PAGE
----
Florida’s labor force grew by 0.2-percentage points in October while the state’s private-sector employment increased 0.3% and the unemployment rate remained steady, FloridaCommerce reported.
“Florida’s unemployment rate remains at a low 2.8% and we continue to see job growth month after month, bucking national trends,” Florida Gov. Ron DeSantis posted Friday on X, formerly Twitter. “Florida is driving economic success through smart investments and we will continue to lead the nation in economic strength.”
Florida outpaced the national average in overall labor force gains, with the 0.2-percentage point increase in October being the 29th straight month of growth, data show. The national labor force growth rate fell by 0.1-percentage point during the same period.
Florida’s unemployment of 2.8% was more than a percentage point lower than the national rate of 3.9% in October, the 36th month in a row the state’s jobless rate was below the nation’s. The state’s private-sector employment increased 0.3%, or by 25,900 jobs, last month.
The Sunshine State’s labor market continues to be a standout, Wells Fargo said in a Friday report.
Florida was second in the nation in net payroll additions, following California, which saw 40,200 jobs added.
“Florida added 28,400 net payrolls in October, up from its third quarter average of 22,800. Job growth was widespread across industries,” Wells Fargo said. “The still-strong consumer sector and growing healthcare workforce posted notable additions as trade, transportation and utilities and healthcare and social assistance drove October’s upturn.”
The Miami metropolitan statistical area gained more private-sector job gains over the year than any other area of the state.
The Miami area added 38,600 private-sector jobs, a 3.4% year-over-year increase. The Miami area unemployment rate fell to 1.6% in October from 2.4% in October 2022.
The Miami metro area also led the state in year-over-year job gains in five industry sectors — trade, transportation and utilities; professional and business services; manufacturing; government; and other services.
The Tampa area saw the second most private-sector job gains year-over-year in October and led all metro areas in over-the-year job gains in education and health services.
The Tampa area’s labor force grew by 67,557, a 4.0% increase from October 2022. The Tampa area unemployment rate was 3.2%, up 0.6-percentage point from the year ago rate of 2.6%.
Last month, the Tampa area added 35,900 private-sector jobs, a 2.7% increase year-over-year. The industries gaining the most jobs over the year were education and health services and professional and business services.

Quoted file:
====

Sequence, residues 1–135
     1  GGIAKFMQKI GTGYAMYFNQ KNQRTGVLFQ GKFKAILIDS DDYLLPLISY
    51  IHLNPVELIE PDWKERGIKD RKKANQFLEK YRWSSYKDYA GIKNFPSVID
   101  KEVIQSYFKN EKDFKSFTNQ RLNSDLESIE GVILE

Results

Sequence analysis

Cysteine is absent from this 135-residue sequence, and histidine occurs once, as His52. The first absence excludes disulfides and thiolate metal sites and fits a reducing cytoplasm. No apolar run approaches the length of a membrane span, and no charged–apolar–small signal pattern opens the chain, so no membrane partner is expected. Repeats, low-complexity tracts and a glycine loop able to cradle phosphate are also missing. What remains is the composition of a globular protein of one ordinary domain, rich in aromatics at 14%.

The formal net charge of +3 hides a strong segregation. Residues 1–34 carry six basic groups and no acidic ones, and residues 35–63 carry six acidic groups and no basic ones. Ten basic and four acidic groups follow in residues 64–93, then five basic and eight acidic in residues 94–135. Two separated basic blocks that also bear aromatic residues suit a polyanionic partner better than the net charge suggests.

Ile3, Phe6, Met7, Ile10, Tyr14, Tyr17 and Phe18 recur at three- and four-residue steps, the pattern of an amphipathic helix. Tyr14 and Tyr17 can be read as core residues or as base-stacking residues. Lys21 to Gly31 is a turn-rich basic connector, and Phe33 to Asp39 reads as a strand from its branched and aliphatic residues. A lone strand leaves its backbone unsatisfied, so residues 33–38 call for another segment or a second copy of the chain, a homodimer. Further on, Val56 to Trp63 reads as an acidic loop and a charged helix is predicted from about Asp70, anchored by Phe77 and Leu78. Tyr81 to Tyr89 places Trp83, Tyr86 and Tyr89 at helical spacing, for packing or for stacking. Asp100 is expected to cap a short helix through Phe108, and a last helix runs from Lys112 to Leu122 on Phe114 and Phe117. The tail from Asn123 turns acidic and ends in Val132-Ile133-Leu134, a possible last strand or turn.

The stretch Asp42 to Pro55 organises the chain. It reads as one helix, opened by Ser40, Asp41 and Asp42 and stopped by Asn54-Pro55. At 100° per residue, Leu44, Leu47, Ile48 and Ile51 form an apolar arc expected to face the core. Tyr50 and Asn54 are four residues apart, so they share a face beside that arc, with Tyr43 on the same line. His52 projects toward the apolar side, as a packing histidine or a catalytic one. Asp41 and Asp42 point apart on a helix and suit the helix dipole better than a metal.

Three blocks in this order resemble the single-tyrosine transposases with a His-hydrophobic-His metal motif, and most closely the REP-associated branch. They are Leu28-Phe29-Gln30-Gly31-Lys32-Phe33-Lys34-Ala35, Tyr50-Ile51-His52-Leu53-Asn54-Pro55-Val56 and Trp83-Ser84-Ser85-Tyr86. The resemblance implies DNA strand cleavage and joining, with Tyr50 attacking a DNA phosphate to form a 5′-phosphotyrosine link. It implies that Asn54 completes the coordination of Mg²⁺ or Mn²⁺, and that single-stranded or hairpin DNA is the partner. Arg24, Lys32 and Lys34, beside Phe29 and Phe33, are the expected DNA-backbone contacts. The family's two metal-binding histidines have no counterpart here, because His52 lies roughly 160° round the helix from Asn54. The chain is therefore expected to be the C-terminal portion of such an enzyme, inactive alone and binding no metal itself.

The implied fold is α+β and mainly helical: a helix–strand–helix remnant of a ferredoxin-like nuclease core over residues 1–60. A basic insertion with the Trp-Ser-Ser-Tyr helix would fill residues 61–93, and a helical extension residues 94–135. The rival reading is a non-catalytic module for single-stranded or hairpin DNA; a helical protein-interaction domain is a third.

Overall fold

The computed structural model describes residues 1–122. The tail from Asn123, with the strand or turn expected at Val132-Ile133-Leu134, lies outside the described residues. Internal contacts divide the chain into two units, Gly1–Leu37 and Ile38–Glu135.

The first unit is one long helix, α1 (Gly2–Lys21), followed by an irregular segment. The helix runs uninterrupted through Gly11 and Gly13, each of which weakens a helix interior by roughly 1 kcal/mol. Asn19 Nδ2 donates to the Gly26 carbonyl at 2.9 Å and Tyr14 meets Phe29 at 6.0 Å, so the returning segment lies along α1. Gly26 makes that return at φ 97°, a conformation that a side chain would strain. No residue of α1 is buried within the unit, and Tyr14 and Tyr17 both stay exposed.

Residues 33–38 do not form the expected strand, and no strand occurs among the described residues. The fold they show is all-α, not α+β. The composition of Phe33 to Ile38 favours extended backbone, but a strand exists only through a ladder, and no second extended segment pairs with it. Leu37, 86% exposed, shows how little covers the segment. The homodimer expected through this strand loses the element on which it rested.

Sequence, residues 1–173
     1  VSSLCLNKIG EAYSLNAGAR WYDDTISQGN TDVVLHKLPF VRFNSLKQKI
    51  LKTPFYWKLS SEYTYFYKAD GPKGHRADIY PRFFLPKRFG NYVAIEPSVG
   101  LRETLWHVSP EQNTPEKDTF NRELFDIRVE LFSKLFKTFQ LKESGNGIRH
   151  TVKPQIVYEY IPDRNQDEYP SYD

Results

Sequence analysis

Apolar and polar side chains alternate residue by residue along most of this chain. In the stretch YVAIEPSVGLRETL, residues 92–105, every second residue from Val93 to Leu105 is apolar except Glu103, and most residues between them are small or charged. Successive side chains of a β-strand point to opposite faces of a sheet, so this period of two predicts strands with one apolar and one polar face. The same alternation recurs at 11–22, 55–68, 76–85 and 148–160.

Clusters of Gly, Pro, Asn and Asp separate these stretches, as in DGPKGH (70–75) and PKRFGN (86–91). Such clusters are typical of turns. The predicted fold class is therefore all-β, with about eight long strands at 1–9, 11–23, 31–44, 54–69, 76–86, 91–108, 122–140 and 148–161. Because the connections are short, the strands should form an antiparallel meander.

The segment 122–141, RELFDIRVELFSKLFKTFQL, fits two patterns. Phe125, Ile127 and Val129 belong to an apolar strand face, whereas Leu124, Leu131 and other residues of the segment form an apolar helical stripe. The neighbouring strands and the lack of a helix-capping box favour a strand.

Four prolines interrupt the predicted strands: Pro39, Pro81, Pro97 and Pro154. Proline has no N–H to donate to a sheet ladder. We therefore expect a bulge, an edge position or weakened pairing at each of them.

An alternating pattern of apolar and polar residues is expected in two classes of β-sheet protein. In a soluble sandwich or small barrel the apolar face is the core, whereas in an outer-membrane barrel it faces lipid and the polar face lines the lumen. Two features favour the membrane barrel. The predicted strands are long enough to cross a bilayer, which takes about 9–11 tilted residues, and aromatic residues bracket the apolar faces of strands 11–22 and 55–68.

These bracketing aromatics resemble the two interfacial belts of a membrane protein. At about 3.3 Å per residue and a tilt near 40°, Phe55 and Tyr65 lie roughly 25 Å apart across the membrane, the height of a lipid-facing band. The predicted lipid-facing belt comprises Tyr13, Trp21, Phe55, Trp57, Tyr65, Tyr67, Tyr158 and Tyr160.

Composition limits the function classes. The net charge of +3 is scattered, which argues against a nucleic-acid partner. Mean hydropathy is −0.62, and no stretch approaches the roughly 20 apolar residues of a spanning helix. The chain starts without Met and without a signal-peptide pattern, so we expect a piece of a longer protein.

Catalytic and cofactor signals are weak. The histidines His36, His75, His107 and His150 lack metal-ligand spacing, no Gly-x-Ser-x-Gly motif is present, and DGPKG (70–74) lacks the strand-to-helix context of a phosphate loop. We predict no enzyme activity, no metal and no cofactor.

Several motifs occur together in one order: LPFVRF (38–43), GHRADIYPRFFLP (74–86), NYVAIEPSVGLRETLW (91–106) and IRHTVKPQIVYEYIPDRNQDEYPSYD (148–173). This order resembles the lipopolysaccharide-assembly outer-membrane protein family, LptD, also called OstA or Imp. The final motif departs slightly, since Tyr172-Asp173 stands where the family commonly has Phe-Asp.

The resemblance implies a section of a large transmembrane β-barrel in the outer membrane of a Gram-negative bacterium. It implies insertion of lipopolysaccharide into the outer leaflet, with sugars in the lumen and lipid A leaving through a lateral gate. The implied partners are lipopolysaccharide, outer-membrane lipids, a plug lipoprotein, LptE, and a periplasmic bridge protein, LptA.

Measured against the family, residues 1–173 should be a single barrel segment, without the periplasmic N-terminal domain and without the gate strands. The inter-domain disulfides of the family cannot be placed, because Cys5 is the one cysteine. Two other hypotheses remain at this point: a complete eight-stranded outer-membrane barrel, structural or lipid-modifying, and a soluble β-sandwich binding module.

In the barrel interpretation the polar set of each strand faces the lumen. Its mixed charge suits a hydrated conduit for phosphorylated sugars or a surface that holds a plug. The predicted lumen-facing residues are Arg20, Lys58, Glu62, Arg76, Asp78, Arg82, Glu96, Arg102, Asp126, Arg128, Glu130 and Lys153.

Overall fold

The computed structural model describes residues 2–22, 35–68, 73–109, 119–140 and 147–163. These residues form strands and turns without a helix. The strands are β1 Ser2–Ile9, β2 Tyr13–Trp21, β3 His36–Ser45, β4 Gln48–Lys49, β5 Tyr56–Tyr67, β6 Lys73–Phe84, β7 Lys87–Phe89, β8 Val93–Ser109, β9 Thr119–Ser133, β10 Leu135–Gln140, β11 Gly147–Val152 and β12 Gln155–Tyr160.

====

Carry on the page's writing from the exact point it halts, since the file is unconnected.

The Jacksonville area experienced the largest private-sector year-over-year job growth by percentage, adding 28,600 private-sector jobs, a 4.0% increase. The Jacksonville area labor force increased 5.5% year-over-year while the area’s unemployment rate rose 0.5- percentage point to 3.1% from 2.6% in October 2022.
The industries gaining the most jobs over the year were education and health services; trade, transportation and utilities; and professional and business services.
The Orlando area’s labor force increased 3.5%, with private-sector jobs increasing 2.1%. The Orlando area unemployment rate rose to 3.1%, up 0.4-percentage point from 2.7% in October 2022. In October, the Orlando metro area led in year-over-year job gains in leisure and hospitality.
In other Florida news last week, DeSantis signed several bills passed by the Legislature during its special session. These included providing additional Hurricane Idalia relief, more security at Jewish day schools and further sanctions on Iran.
The state will provide $176.2 million to the My Safe Florida Home program to cover the 17,600 claims submitted from those in areas affected by Idalia.
A new law supports Israel through expansion of state sanctions against Iran, which DeSantis has said is a key supporter of Hamas, the terror group that attacked Israel on Oct. 7. Additionally, the Legislature passed resolutions to show support for Israel.
A separate bill will broaden the law requiring the State Board of Administration to divest from companies with links to Iran’s oil industry. The expansion includes industries and business in the financial, construction, manufacturing and textile sectors.
New laws also provide $25 million for added security at Jewish day schools and preschools and $20 million for the Division of Emergency Management to set up a nonprofit security grant program for groups seen at a greater risk of hate crimes, violent attacks and anti-Semitism.
“I applaud the Legislature for their fast work during this special session,” DeSantis said. “Divesting from any company that supports Iran and ensuring that students are able to attend Jewish day schools safely is of utmost importance.”